Cokesbury, Redux

UPDATE: Note in the comments there is a link to a Change.org petition, protesting the store closures. Thanks, Lauren!

Usually, I wait a day or two after big news hits to sort out my thoughts before posting on this blog.  This practice helps me to speak with more charity and thoughtfulness.  But yesterday, the news about Cokesbury closing all of its “bricks and mortar” stores – including the seminary stores – hit me so hard that I could not wait.  The result was a post entitled Protesting the Cokesbury Closures.  I imagine I was not the only one who was upset by the news: I haven’t seen this much traffic on a single post in 24 hours since I wrote The Six Essentials for Preaching to Children.

All the same, there are a couple of things that I would have changed about that post.

I wish that I had not slipped in the paranoid insinuation that the news had been withheld until the last possible minute.  There is no evidence whatsoever for that.  I do not know the decision makers involved, and have no basis from which to cast aspersions of that kind on their characters.  Furthermore, if I did have any reason to believe that, I still ought not to type it.  It lacks charitable imagination.

I wish that I had not encouraged Mr. Alexander and the board to pray over the decision, insofar as writing that implied that they had not already done so.  My experience with every person working for a general board or agency of the UMC, from the highest level down to – yes, I’m going there – the clerks at the Cokesbury retail outlets has been that they are people of great faith who act on their convictions that they are in ministry.  Have I encountered individuals with foibles, with different theologies than mine, with outright self-serving behavior? Of course.  ALL have sinned and fallen short of the glory of God.  But anyone who is working for the church is not likely to need some blogger they don’t know reminding them that they are in ministry.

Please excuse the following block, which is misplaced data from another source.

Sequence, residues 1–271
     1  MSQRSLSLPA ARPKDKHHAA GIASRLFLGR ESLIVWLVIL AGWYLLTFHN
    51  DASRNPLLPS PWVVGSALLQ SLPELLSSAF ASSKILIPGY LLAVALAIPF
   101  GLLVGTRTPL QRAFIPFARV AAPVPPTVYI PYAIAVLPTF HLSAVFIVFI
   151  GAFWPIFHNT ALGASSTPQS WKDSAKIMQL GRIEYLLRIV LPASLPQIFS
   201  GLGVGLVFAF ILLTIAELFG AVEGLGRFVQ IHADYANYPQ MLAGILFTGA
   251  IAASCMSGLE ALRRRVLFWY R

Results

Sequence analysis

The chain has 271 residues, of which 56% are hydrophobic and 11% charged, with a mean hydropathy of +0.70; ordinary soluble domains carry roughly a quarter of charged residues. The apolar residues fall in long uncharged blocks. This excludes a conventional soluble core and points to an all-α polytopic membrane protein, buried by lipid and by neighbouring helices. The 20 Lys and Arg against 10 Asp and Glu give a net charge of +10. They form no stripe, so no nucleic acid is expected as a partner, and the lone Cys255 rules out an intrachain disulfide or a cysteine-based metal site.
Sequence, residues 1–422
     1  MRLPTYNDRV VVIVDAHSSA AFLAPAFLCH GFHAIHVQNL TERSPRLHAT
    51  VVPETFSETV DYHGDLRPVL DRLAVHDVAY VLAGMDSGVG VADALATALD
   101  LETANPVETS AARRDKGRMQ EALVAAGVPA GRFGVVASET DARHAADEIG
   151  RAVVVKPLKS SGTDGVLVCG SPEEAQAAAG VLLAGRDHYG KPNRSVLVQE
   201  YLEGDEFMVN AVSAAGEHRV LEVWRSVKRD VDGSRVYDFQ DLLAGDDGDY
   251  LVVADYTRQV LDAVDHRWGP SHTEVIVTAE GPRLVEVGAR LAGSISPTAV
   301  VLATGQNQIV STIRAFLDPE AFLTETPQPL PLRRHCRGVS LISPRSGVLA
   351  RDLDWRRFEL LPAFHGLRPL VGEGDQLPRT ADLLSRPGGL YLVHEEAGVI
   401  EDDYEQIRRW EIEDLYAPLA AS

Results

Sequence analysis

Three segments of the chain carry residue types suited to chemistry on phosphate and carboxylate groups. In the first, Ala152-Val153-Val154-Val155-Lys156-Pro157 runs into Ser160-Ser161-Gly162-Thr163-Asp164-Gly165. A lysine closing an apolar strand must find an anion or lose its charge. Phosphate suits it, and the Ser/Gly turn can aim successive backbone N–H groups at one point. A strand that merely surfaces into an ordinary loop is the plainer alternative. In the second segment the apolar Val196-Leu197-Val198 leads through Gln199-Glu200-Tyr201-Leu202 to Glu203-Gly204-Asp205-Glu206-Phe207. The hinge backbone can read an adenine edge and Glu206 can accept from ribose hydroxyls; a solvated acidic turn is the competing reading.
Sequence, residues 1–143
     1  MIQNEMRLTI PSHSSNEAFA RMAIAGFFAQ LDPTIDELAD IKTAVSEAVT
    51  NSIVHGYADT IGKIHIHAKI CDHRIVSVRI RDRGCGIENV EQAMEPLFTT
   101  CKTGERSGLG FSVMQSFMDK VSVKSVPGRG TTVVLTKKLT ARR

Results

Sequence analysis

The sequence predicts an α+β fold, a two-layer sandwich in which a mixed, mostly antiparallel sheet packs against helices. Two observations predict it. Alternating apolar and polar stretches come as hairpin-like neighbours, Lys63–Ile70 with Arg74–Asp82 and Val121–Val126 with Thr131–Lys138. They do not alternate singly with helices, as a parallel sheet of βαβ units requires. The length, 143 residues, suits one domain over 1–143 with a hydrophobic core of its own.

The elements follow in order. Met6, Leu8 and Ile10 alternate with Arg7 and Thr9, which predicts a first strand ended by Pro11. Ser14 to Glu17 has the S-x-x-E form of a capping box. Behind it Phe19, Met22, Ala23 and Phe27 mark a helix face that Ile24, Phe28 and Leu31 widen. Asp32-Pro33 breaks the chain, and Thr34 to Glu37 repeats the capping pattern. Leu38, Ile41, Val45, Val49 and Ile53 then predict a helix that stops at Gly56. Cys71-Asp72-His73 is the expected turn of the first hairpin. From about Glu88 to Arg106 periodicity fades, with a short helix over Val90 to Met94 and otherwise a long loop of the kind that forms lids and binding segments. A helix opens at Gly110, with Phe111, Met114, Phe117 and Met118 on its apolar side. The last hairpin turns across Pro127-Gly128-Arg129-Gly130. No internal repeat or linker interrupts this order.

That said, there are some things that I wish that I had added to that piece.

For instance: when going to a Cokesbury store with my father, we always ran into friends of his.  It would become a reunion of sorts.  He would introduce me, and they would catch up on the past years of ministry, and compare notes.  As I grew older and would go to Cokesbury on my own, I often either made connections with new people or reconnected with old friends. You don’t meet people in an online bookstore, generally.

For instance: I learned about my new favorite prayer method from a book that I picked up when browsing at a Cokesbury store: Praying in Color.  I was in the store looking for something else, but because I had 15 minutes, and because I love book browsing, I worked my way through the aisles.  I don’t think I would have found that book online – because you generally find only what you are looking for and “related items” when searching online.  This is my argument against internet dictionaries as well, incidentally.  They are helpful on a smart phone when reading a book in a cafe and you really need to know the meaning of that book RIGHT NOW, but overall, they are inferior.  I have learned so many new words – and explored new ideas – when browsing through a (made out of paper) dictionary, on my way to finding the word I was originally looking for.

For instance: when I first became a preacher on a two point charge (no office staff, naturally), and a parishioner died in my first couple of weeks on the job, and I discovered that there were no funeral bulletins in the paper cabinet, I was able to drive 50 miles to the Cokesbury store to pick some up.  (I know 50 miles sounds like a lot, but when you live in the country, you are routinely driving that far to visit parishioners in the hospital, or to find a movie theater for that matter.)  Funerals are not exactly planned a week in advance.  Order them?  They wouldn’t have gotten there in time without rush shipping – and I would have been a nervous wreck wondering if they would make it.